Introduction: The Self in Social History

Part of the The New Middle Ages book series (TNMA)


In March 1850, a hole five feet deep and ten feet wide was opened in the south aisle of the Cathedral Church of St. Andrew, Wells. It was found, like most historical ventures, to be in a “very dry state.” “It contained one skeleton only, and a few handfuls of dark mould. ….What remained of the bones was of a dark chocolate colour.”1 Such were the remains of Thomas Beckyngton, eminent historical object, former secretary to Henry VI, and bishop of Bath and Wells. What most impressed the nineteenth-century physician who presided at the disinterment was the skull, which he evaluated with the science of comparative phrenology in mind. Beckyngton had “good frontal development,” and good occipital development for that matter: the cranial circumference a solid twenty-two and one-eighth inches at the ear. Inevitably, we give our times and ourselves away.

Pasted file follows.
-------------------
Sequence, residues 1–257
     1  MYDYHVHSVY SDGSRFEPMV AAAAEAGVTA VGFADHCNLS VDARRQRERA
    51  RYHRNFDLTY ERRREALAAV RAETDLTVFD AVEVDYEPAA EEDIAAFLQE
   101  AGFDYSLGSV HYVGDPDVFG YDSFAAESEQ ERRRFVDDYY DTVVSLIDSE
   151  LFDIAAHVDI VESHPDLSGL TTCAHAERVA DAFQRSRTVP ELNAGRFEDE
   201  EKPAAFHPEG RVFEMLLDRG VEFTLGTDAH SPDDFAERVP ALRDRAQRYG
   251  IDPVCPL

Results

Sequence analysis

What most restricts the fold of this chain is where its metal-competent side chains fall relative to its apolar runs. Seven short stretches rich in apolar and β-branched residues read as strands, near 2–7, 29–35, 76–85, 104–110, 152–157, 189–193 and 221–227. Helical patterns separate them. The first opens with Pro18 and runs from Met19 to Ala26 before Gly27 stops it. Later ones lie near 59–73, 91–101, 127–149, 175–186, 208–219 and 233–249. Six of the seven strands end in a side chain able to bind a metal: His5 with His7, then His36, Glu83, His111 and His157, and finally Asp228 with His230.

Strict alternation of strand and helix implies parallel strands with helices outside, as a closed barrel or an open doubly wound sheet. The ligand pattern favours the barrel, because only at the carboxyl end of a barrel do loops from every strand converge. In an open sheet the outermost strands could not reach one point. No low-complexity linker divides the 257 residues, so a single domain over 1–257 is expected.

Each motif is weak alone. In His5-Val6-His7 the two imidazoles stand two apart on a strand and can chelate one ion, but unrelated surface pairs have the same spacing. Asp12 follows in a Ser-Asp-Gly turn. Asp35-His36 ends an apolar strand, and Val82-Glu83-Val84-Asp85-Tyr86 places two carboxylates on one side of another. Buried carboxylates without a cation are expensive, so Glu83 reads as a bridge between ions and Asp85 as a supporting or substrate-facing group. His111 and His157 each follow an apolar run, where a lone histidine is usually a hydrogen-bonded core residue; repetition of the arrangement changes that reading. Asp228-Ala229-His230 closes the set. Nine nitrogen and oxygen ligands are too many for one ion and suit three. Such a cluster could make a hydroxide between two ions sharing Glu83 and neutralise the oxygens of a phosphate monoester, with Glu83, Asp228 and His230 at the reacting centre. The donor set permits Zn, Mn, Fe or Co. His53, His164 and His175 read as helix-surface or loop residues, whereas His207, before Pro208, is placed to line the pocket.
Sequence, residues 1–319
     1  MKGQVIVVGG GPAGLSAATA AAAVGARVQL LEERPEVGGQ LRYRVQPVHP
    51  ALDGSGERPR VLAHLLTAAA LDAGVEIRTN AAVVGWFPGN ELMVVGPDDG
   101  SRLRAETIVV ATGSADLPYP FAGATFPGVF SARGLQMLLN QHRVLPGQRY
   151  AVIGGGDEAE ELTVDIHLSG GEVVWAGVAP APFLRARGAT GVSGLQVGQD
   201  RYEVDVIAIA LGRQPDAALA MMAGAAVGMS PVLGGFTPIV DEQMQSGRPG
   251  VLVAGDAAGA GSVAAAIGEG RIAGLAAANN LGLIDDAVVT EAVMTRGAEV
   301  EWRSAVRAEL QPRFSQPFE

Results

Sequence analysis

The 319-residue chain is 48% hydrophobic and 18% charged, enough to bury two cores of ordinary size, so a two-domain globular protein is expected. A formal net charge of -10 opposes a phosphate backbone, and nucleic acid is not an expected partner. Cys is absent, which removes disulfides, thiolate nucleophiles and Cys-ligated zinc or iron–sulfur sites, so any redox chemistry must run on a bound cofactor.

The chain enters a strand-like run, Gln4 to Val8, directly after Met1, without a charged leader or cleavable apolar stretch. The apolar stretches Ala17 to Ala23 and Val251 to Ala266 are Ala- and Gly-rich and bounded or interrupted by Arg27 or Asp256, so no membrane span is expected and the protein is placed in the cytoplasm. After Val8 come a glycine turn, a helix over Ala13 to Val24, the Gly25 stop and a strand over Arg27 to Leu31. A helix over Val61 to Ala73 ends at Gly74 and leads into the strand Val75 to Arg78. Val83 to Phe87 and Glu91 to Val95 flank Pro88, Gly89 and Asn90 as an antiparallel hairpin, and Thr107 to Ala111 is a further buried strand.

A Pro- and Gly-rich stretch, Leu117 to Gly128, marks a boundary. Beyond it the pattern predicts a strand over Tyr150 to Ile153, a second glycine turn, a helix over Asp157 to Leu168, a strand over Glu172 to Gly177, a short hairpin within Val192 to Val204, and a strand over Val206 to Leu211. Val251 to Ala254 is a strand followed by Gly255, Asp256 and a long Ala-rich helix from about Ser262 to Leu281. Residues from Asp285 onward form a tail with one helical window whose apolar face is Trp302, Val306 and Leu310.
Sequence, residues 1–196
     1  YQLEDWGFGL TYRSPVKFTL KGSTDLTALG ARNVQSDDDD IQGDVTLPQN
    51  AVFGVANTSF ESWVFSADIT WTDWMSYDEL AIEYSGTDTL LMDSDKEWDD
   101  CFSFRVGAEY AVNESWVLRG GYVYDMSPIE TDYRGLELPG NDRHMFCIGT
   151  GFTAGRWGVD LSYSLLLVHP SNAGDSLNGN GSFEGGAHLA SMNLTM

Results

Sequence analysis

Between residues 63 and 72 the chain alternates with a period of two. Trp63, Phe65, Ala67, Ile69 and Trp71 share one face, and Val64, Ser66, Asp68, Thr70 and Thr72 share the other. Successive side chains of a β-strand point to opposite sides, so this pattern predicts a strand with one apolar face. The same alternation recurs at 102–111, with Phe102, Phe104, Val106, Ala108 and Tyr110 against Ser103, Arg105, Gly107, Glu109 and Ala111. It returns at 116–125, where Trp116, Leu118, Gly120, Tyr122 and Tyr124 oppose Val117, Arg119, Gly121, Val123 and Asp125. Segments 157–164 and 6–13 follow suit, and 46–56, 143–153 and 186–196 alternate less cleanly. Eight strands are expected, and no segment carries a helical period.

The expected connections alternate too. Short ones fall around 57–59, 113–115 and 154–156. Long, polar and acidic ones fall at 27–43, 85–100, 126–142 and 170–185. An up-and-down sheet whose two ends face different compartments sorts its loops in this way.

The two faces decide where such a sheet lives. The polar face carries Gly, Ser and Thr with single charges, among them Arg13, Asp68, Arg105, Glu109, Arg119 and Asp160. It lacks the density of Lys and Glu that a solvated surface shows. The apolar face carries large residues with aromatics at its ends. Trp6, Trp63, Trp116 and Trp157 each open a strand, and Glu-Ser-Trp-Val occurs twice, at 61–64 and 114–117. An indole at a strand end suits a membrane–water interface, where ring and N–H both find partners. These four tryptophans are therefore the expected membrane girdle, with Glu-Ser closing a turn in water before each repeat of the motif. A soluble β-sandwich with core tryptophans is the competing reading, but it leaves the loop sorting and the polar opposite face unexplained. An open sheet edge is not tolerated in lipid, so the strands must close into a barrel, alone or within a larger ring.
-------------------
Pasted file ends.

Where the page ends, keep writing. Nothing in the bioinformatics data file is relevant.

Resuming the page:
Social Life Social History Dispute Settlement Dispute Settlement Process Medieval Town 
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© David Gary Shaw 2005

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